Drop the technology every now and then:
Having an occasional digital detox is healthy in a number of ways. Grab a pencil and paper and draw a picture of what you are trying to achieve, make a collage and cut out some pictures that represent your goals or build a model. Using the brain in creative ways can trigger different ideas and emotions and force you to think of doing things differently. Engage in some past-times that require you to be creative rather than spoonfed – think about creative writing or painting instead of watching films or TV shows from time to time, for example.
Take a macro view:
Step outside of your zone and see it from a thousand-foot view. We can be so entrenched in in the details sometimes that the big picture is lost. Look at the success and progress of what you are doing from other’s point of view. Alter your perceptual position – look at your life from the perspective of a neutral observer, or as a bird in the sky, and consider stepping into another’s shoes, adopt their physical and mental perspective and shift out of your own perspective for a while.
Take some advice:
Ask someone who knows nothing about the right way to do ‘your thing’ how they would go about it or what is wrong or right with what you are doing. Sometimes the people looking from the outside have a clearer and simpler picture of how things could be. They’re not restrained by the past or wed to your current thinking patterns.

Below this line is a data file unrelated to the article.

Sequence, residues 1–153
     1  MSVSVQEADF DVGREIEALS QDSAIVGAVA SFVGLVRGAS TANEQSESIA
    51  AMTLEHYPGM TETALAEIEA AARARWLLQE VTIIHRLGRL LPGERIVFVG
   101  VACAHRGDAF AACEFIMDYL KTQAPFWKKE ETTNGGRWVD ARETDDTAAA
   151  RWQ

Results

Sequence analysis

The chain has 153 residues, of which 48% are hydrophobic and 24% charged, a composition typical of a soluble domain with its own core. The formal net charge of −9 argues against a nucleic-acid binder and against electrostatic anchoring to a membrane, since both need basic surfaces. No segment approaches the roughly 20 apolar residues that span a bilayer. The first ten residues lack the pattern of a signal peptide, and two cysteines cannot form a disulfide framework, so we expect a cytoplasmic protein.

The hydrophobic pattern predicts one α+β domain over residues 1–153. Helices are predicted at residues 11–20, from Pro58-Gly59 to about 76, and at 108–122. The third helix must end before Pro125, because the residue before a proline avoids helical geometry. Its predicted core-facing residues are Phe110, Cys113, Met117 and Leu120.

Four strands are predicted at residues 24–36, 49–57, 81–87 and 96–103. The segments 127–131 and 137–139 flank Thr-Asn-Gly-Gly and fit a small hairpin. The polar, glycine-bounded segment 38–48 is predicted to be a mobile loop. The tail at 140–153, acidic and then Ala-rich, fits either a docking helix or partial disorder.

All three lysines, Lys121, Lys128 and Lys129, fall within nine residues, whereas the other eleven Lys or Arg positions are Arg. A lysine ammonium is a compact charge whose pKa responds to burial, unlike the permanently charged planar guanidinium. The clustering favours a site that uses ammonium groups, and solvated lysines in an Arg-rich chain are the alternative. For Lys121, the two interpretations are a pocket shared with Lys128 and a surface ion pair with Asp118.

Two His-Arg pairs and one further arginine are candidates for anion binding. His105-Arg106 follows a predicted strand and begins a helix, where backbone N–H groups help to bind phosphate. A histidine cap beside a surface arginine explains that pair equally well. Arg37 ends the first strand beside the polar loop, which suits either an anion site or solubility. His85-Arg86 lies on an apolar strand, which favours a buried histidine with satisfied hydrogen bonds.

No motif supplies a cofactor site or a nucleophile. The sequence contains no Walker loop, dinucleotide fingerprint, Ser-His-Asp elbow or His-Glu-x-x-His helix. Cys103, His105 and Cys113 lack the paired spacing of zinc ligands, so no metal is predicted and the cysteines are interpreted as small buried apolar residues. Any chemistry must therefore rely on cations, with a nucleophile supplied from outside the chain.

Listen to those voices within:
All of us underestimate the power of our intuitive mind and often ignore these feelings of doubt or questioning. I do not think we should trust them implicitly, but do hear them out and reflect upon them well.
It’s sometimes easier to just go along with the crowd if you are not sure. Ask lots of questions like what are the alternatives, why was this method chosen, what else is out there and keep asking until you are satisfied. Questioning is a great way to synthesise ideas and foster broader thinking in others too. Be neutral, objective and reflect upon your own thoughts and feelings. Consider having a brainstorm with yourself.
Hit the pavement and think about things for a while:
Walking is a great change from your normal routine. Walking gives you another perspective looking at different surroundings, buildings, trees, clouds or anything that will conjure up alternative ideas or methods. You can also achieve this through other pursuits like running, jogging or swimming which create a great place to be immersed in your own mind and solve the problems of the world. Have some quiet time, some solitude and watch what your mind comes up with when it has no competition.
Regularly do something new:
Step out of your comfort zone, here are some instructions on how to do that effectively:
a) Important Reasons to Step Out Of Your Comfort Zone.
b) 7 Steps To Leave Your Comfort Zone.
c) Self-Hypnosis To Step Out Of Your Comfort Zone.
Changing one small thing or varying your methods is a great way to test and challenge the status quo. If the change works then great, if not, then you have made an equally monumental discovery. This is ideal for you to help create an innovative mindset by discussing new methods with others and analysing their impacts. Over time it becomes the norm.
By consciously aiming to think a little differently you too can start to make a difference, start to be noticed, become a better contributor and avoid your own personal ground hog day. Enjoy the stimulus that come from independent thinking and enjoy being in charge of your own thoughts.
Have some of themes here resonated with you? Then have a read of these pages: